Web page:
A few weeks ago I mentioned an essay by Glen Stasson called "The Fourteen Triads of the Sermon on the Mount." Stasson argues that these triads (found in Matthew 5:21-7:12) can loosely be arranged in this form:
1. Jesus states a traditional teaching or practice
2. He gives a warning or teaching on a vicious cycle of living as a result of misunderstanding/misapplying the teaching or practice.
3. He gives a transforming initiative, which a believer can follow, which will free one from the vicious cycle.
Stasson's essay is fairly lengthy, and I don't intend to summarize all of his findings here. However, I did want to discuss some observations that I've had as I've mulled over each of these fourteen triads. Over the next few weeks, I'll be writing a post about each of the triads.
I've already written a bit about the first triad, which deals with murder and anger (Matthew 5:21-26; the post is "Jesus Journal #16 and can be reached by clicking on the title of Stasson's essay above). Please permit me to add a few further comments here.
To begin, here is the general set-up of this triad:
In the few sentences of this passage, Jesus is explaining that the command regarding murder is broader than people were (and are today?) interpreting it. Being angry, insulting people, and calling names all lead to the same thing as murder: judgment. As anyone who experiences anger, insults, and name calling knows, living on either end (the giving or taking of anger, insult, name-calling) is not pleasant. In truth, it's corrosive or cancerous. It is, to use Stasson's terminology, a vicious cycle.
Jesus would not have us live in such a cycle, as either giver or receiver. The third part of this triad is expressed in a couple of examples Jesus gives, one about reconciling with a brother (a fellow believer), and one about reconciling with an unbeliever. In both cases, the general principle is that believers should seek to reconcile and be at peace with people.
This sort of action will take some serious adjustment and action. Jesus would have us almost go to extremes to be peace-making reconcilers. In his example, he says if we remember that our brother has something against us, we need to go do something about it--even if we're making an offering to God when we remember. In Jesus' day, this would have required some travel, for the place of offering was miles away for his listeners. The point is, Jesus is saying this is important; make a serious effort to make peace.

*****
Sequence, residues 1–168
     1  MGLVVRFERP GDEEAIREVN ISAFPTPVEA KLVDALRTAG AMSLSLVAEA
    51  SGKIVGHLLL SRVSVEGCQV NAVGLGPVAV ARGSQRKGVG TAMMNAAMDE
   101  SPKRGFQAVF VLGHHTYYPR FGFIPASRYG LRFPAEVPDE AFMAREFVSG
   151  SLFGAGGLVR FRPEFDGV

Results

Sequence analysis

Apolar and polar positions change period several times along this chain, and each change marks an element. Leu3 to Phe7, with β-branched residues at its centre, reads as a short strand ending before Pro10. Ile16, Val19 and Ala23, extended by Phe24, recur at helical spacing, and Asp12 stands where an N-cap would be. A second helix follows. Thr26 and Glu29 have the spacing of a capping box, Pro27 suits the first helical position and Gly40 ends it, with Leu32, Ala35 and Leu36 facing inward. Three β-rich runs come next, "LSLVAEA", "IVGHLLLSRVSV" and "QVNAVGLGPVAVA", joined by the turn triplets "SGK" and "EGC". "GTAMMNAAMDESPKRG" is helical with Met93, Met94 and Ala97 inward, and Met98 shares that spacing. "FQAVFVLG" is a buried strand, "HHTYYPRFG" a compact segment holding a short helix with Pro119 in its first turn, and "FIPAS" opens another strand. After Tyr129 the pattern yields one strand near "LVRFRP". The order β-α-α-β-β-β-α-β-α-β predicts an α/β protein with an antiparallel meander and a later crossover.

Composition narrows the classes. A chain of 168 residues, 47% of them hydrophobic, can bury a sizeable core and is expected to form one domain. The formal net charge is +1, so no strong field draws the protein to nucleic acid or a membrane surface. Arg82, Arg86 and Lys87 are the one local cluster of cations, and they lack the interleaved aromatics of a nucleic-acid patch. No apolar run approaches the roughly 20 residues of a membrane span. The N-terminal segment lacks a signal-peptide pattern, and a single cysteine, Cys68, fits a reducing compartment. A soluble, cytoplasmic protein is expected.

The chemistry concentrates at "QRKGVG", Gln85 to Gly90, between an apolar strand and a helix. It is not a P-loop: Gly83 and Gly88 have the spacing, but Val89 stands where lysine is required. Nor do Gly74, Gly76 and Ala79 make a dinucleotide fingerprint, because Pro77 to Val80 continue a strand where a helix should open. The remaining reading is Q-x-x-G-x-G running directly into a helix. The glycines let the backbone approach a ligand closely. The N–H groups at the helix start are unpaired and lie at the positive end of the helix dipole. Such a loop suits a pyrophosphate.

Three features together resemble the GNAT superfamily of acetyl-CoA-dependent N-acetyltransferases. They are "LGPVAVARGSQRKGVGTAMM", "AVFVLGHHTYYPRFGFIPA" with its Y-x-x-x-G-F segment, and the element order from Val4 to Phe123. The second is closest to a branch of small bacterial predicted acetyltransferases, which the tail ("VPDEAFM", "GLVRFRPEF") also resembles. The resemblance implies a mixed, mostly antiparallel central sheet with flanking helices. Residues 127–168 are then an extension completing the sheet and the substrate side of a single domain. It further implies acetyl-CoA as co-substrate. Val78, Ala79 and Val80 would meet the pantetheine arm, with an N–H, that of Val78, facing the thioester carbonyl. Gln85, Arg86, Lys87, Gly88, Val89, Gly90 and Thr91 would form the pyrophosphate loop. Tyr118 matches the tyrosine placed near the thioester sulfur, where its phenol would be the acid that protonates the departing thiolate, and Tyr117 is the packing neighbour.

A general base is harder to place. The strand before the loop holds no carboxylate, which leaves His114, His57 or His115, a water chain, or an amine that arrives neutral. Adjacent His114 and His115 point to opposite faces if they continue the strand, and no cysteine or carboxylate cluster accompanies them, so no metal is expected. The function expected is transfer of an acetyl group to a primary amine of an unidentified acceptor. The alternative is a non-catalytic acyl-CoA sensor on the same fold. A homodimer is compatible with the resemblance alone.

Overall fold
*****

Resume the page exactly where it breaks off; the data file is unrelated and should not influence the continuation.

Jesus' second example about seeking peace with an accuser sounds similar to our current concept of settling outside of court. In very public cases we don't necessarily think the best of parties that do this, but settling outside of court allows people at odds to come to an agreement--a sort of peace--without having to involve the court system--and formal judgment.
So it is healthful to a person to seek peace and reconciliation when he or she has conflict with another person. But note this: in both of Jesus' examples, the person seeking the reconciliation is the one that is thought to have offended. In example one, Jesus says if you "remember your brother has something against YOU." In example two, Jesus says, "come to terms quickly with YOUR accuser." Jesus isn't just talking about being forgiving here. He's talking about humbling ourselves and seeking forgiveness, that we might be at peace with our brothers and those who would accuse us.
This obviously is move toward peace by and for the person taking action. Perhaps more radically, it is a move FOR the peace of the offended brother or the one bringing accusation. Jesus is saying that our action will bring peace and reconciliation for us and for the one we're seeking to make peace and reconciliation with.
Yes, I know that this is implied by the terms "peace" and "reconciliation," at least as I've used them. The implication is that both parties are coming to peace and reconciliation together. My point is, when we take action to make peace or to have reconciliation, we are leaving the vicious cycle of anger, insult, and name-calling... AND, we're helping others do the same thing. Our seeking of peace brings peace to those who think we've wronged them. And this is, indeed, a transforming initiative.
Have you any of you found these actions of seeking peace and reconciliation to be transformative?